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This book introduces readers to the Jim Crow Museum of Racist Memorabilia, a collection of more than ten thousand contemptible collectibles that are used to engage visitors in intense and intelligent discussions about race.
For many people, especially those who came of age after landmark civil rights legislation was passed, it is difficult to understand what it was like to be an African American living under Jim Crow segregation in the United States. Most young Americans have little or no knowledge about restrictive covenants, literacy tests, poll taxes, lynchings, and other oppressive features of the Jim Crow racial hierarchy. Even those who have some familiarity with the period may initially view racist segregation and injustices as mere relics of a distant, shameful past. A a proper understanding of race relations in this country must include a solid knowledge of Jim Crow—how it emerged, what it was like, how it ended, and its impact on the culture.
Understanding Jim Crow introduces readers to the Jim Crow Museum of Racist Memorabilia, a collection of more than ten thousand contemptible collectibles that are used to engage visitors in intense and intelligent discussions about race, race relations, and racism. The items are offensive. They were meant to be offensive. The items in the Jim Crow Museum served to dehumanize Black people and legitimized patterns of prejudice, discrimination, and segregation.
Using racist objects as teaching tools seems counterintuitive—and, quite frankly, needlessly risky. Many Americans are already apprehensive discussing race relations, especially in settings where their ideas are challenged. The museum and this book exist to help overcome our collective trepidation and reluctance to talk about race.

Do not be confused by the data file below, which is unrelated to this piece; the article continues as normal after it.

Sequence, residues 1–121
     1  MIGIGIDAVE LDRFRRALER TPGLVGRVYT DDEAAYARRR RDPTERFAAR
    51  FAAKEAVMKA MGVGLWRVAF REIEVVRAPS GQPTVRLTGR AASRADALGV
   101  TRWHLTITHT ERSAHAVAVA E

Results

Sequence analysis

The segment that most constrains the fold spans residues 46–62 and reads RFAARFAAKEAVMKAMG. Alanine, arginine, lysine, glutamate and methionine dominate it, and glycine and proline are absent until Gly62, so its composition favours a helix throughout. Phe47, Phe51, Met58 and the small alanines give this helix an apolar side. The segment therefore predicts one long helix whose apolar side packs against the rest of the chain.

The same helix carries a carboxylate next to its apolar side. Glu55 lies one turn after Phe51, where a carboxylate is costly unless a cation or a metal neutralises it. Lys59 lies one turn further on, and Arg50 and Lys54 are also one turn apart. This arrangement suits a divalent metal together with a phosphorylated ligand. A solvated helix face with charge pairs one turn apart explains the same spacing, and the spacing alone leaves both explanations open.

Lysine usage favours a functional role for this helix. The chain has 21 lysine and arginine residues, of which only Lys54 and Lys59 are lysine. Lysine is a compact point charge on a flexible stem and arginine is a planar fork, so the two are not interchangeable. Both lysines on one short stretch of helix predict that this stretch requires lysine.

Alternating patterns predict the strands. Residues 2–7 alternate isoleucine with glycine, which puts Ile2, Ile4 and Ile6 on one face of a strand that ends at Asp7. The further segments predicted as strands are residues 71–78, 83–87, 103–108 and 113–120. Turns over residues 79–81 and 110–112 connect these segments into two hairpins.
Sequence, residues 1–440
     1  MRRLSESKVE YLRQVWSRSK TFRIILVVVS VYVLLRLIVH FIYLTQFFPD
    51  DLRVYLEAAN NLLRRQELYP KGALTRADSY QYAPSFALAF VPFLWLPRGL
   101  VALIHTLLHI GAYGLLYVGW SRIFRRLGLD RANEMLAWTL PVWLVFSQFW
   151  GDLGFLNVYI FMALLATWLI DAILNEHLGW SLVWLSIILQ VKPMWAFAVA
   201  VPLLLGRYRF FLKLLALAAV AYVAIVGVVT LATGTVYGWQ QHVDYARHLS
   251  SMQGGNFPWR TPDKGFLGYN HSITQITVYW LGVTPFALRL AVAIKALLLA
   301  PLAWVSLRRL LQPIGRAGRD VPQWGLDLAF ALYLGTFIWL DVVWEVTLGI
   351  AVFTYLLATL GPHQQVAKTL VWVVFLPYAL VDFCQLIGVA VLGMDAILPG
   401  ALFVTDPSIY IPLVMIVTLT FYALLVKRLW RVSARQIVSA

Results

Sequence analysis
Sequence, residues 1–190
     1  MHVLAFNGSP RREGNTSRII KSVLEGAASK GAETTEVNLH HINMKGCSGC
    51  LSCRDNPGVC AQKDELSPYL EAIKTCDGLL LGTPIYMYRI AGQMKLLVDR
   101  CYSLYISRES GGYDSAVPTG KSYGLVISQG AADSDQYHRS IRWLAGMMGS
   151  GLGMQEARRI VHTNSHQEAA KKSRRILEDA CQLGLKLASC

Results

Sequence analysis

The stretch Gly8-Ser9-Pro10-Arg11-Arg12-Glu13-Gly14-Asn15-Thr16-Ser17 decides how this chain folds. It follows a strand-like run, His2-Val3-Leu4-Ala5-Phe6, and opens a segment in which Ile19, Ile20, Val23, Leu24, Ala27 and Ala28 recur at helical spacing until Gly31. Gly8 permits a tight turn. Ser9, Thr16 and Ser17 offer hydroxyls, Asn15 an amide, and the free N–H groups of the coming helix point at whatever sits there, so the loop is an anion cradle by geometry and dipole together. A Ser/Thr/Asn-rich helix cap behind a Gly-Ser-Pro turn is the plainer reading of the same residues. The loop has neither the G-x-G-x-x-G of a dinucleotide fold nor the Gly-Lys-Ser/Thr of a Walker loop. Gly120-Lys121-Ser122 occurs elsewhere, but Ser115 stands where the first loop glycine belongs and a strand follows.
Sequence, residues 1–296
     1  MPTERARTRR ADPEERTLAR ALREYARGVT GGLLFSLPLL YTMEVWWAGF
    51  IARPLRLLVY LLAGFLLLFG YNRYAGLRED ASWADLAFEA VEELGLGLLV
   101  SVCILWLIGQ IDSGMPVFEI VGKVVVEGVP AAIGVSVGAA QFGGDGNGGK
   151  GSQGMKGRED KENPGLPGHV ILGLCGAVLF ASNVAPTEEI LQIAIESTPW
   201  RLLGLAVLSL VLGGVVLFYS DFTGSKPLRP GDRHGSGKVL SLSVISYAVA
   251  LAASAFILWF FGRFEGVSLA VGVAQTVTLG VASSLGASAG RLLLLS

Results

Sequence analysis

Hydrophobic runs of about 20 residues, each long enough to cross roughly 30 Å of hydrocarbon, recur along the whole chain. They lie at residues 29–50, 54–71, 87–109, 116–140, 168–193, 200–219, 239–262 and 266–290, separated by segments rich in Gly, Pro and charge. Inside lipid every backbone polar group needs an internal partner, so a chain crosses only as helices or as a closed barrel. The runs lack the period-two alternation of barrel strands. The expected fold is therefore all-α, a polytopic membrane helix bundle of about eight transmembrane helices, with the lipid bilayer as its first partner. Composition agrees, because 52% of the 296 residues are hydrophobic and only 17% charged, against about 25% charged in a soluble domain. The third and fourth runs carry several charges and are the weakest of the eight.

Fully illustrated, and with context provided by the museum’s founder and director David Pilgrim, Understanding Jim Crow is both a grisly tour through America’s past and an auspicious starting point for racial understanding and healing.
About David Pilgrim:
David Pilgrim is a professor, orator, and human rights activist. He is best known as the founder and curator of the Jim Crow Museum—a ten-thousand-piece collection of racist artifacts located at Ferris State University, which uses objects of intolerance to teach about race, race relations, and racism.
About Henry Louis Gates Jr.:
Henry Louis Gates Jr. is the Alphonse Fletcher University Professor and director of the Hutchins Center for African and African American Research at Harvard University. He is also an Emmy Award–winning filmmaker, literary scholar, journalist, cultural critic, and institution builder.
Author: David Pilgrim • Foreword by Henry Louis Gates Jr.
Publisher: PM Press
Page count: 208
Subjects: History-US/African American Studies